Colleges and universities

Action: Adopt a campus landscaping policy that gives preference to local soil amendments. View a draft policy for your campus.


Action: The COOOL 2012 campaign (Compostable Organics Out of Landfills) will contain all the information you need to move toward composting organic discards in your community. Look for the COOOL 2012 campaign from GRRN in mid-2008.

Support renewable energy legislation that recognizes waste as a problem, not as a solution.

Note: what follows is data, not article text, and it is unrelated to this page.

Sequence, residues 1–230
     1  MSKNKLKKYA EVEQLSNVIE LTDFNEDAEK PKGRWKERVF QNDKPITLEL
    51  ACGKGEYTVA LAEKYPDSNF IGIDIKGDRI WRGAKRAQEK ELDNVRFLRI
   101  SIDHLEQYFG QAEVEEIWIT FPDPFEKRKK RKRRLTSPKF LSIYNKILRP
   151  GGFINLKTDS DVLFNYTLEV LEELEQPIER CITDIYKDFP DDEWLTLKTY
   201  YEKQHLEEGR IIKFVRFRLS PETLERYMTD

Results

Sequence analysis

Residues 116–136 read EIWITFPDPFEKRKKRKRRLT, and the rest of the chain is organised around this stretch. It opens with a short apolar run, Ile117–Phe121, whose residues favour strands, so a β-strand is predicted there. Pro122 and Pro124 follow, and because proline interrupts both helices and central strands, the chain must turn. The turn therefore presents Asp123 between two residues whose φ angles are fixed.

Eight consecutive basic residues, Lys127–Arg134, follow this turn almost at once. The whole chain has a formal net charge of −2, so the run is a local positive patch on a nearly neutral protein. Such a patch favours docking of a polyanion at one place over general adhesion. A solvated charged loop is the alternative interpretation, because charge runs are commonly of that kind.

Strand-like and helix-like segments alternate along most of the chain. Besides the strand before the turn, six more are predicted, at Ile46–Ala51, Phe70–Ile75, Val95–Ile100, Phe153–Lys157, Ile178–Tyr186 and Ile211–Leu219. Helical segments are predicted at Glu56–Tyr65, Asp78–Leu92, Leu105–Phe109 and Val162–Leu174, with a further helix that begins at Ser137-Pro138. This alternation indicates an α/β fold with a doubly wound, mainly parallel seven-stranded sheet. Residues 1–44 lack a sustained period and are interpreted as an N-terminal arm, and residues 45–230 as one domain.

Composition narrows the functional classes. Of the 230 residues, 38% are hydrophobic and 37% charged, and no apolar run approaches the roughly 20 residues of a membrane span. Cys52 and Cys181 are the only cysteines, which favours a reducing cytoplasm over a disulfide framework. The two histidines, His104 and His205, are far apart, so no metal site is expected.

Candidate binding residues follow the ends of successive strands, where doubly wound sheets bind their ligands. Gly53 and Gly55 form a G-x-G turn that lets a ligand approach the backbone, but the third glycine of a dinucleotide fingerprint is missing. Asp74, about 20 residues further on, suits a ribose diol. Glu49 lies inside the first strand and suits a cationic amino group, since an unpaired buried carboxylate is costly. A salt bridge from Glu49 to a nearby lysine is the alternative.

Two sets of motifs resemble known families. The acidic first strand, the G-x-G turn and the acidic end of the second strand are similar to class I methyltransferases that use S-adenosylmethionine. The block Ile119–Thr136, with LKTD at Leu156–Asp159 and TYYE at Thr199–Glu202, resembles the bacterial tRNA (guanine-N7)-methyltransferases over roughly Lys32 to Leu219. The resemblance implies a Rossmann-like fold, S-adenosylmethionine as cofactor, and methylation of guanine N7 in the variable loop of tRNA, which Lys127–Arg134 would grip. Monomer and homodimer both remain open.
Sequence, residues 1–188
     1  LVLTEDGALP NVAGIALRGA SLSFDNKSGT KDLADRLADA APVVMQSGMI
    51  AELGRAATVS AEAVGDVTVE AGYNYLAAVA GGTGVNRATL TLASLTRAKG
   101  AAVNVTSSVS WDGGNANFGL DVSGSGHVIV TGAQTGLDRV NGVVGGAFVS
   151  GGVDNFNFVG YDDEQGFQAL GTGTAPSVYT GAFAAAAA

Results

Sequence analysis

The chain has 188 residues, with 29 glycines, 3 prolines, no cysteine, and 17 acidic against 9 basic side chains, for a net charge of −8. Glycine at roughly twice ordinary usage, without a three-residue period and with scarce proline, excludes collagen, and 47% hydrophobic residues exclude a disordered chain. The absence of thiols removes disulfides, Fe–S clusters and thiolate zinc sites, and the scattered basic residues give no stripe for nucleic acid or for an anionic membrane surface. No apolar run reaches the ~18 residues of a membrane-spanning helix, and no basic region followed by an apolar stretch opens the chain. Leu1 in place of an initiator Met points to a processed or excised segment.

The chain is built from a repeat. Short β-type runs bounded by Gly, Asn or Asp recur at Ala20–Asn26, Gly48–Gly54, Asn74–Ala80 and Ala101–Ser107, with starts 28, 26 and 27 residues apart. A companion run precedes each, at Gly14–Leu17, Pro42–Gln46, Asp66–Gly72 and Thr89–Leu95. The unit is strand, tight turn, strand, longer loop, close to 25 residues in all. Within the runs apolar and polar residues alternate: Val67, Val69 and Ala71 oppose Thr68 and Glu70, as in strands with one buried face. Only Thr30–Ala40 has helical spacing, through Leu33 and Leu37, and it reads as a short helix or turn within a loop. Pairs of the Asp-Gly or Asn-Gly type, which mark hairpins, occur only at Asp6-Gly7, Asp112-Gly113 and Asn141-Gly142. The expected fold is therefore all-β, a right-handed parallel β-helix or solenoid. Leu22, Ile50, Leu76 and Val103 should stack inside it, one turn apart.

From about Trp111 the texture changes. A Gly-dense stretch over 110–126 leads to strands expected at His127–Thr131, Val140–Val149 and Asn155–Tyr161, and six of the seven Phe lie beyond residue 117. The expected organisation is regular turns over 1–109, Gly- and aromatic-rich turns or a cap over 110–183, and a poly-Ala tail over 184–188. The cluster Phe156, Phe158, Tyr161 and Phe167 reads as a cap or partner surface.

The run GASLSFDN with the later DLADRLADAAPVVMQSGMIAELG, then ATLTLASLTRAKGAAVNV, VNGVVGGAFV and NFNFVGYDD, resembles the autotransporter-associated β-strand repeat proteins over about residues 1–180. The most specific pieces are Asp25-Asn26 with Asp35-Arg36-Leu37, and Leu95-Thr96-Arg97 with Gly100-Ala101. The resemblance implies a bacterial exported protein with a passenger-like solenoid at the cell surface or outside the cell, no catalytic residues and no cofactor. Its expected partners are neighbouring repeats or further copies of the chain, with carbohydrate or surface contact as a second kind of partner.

With climate change dominating media and legislative attention, anything spun as "green" or "renewable" receives attention and accolades. A slew of national and state legislation in the last four years has classified landfill gas and incineration as sources of renewable energy and provided varying degrees of tax credits or subsidies to the industry.

Action: Help keep waste out of future energy legislation and legislative updates by signing up for action alerts through the Global Alliance for Incinerator Alternatives (GAIA) by emailing Dave Ciplet. Read our statement against waste as a form of renewable energy.

Mandate methane capture and remediation at all active landfills.